Unity Party wins unopposed UB SA election, 1 percent of students vote
SA election yields the ‘expected result’
The night of the Student Association elections result announcement normally features the different party candidates crowded into the SA office, with one party celebrating in victory and the other devastated in defeat after an announcement from the Election and Credentials Chair.
Joe Pace found out he was elected SA treasurer Thursday in a text message. He said he then finished eating his sandwich and went on with his day.
“It was kind of more of an expected result,” Pace said.
The Unity Party was officially elected to the SA executive board Thursday after an unopposed race. SA Election and Credentials Chair Matthew Siwiec alerted the Unity candidates of the results in a group text. Only 217 students – or roughly 1 percent of UB undergraduates – voted in the election. One hundred and fifty five students voted in the last unopposed election in 2008.
Juniors Minahil Khan and Sean Kaczmarek were elected as president and vice president respectively with 209 votes, while Pace – also a junior – was elected as treasurer with 191 votes. Students had the choice between voting for the Unity candidates or submitting a blank ballot. Eight students chose to do so for the president and vice president, while 26 chose to do so for the treasurer position.
This year’s election offered less anticipation and drama than in the past when multiple parties ran. The Clarity Party dropped out of the race on April 6 after not receiving endorsements from the Academic, Engineering and Sports Councils.
“I know the intensity that happens right before election results are revealed and the hour you’re waiting … Going into it, we knew it was going to be different,” Khan said. “We continued through and tried to campaign as much as we could and kind of anticipated the election results would be a little bit different.”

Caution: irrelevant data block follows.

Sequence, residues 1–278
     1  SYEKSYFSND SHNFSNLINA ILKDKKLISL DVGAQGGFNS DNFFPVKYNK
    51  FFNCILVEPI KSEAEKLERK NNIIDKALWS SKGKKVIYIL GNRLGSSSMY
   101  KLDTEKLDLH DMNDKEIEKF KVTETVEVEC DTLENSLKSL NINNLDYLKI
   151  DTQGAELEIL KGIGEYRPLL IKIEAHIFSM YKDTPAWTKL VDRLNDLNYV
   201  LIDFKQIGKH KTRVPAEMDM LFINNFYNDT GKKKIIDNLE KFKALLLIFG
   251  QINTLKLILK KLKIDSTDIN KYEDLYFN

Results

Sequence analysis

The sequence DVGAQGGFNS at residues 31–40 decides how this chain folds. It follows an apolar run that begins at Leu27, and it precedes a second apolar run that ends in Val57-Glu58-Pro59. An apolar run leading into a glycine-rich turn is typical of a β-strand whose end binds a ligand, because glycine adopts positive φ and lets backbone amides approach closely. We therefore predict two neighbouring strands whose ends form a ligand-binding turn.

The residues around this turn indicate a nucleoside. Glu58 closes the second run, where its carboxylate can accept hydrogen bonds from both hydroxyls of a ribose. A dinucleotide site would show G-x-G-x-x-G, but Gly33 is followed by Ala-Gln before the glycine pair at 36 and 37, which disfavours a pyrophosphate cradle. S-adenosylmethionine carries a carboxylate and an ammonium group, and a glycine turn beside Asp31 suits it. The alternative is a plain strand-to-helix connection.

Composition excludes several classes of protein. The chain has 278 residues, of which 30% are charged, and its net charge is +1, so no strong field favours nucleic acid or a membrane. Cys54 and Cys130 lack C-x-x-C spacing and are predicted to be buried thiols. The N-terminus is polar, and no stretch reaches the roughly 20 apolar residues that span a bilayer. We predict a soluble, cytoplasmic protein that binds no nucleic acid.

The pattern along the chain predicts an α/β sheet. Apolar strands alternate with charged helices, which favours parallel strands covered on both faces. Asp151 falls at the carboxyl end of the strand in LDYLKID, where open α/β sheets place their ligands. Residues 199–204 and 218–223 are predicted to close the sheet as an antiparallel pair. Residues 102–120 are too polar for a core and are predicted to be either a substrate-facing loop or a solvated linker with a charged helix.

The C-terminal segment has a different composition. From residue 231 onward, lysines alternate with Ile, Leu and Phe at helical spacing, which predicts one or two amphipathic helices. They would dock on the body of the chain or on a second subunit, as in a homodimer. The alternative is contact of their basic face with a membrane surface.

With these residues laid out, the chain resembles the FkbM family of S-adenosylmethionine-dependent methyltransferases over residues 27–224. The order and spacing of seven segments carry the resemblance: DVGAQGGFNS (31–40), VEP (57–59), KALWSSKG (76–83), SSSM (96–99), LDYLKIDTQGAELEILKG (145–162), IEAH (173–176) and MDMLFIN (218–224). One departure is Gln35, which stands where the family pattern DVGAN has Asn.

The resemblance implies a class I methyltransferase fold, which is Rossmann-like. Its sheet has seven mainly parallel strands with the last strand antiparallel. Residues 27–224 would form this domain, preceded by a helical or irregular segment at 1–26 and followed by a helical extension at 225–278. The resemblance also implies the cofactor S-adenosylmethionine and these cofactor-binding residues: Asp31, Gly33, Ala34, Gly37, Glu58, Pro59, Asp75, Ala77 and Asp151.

The candidates still campaigned in the Student Union lobby throughout the week. Kaczmarek said that because the candidates knew there wasn’t going to be a “hype build up” for the election results, their main focus was on informing students. Khan said it was important to the three of them to inform students of their platform and that the election was happening.
She said she met a lot of students that didn’t know what SA is and she hopes her interactions made them think about getting involved in SA.
“At the end of the day, whether or not we’re unopposed, students are still paying $100 a semester, so there’s still value and investment in their student government,” Khan said.
Students currently pay $94.75 each semester to the SA for the mandatory student activity fee. Starting next semester, that fee is going up $10. The SA manages more than $3.5 million.
Most SA elections bring roughly 15 percent of the student body to the polls, but this year brought the lowest turnout since 2008. That election was held for only two days, compared to the typical three. This year’s polls were open for three days, but for slightly reduced hours.
Khan said having multiple candidates would help gain more student interest in the future.
One of Khan’s main platforms was to increase student involvement in SA, and she hopes that by creating an “inclusive environment for students,” more students will run in the future.
Although Khan has the power to appoint four SUNY delegates as the president-elect, the appointees must be students who have won a student-wide election for their current position, according to SUNY guidelines, Khan said. That leaves Kazcmarek, Pace, the UB Council Student Representative and the SA senators. SA Assembly Speaker Melissa Kathan is set to run unopposed in next week’s UB Council Student Representative election.
Khan said she is “definitely looking for people who have been involved in the SUNY process and would do a good job representing UB” for her delegates.
The e-board elects said they are excited to begin working on their platform goals over the summer so the SA can run smoothly when most of the other staff and students return in the fall.
Pace said he wants to “delve into the finance portion and work with book keepers” to increase his knowledge of “what’s going on and what needs to be ironed out.”
He said he wants to make sure his plan to make it easier for clubs to receive a rollover from their budgets goes over smoothly and that clubs are made aware of it.
Kaczmarek wants to get the club handbook ready and help Pace implement the new rollover policy.
Khan said she wants to begin her inclusive hiring process right away and will be sending out the SA position opening to different listservs shortly.
Tom Dinki is the senior news editor and can be reached at firstname.lastname@example.org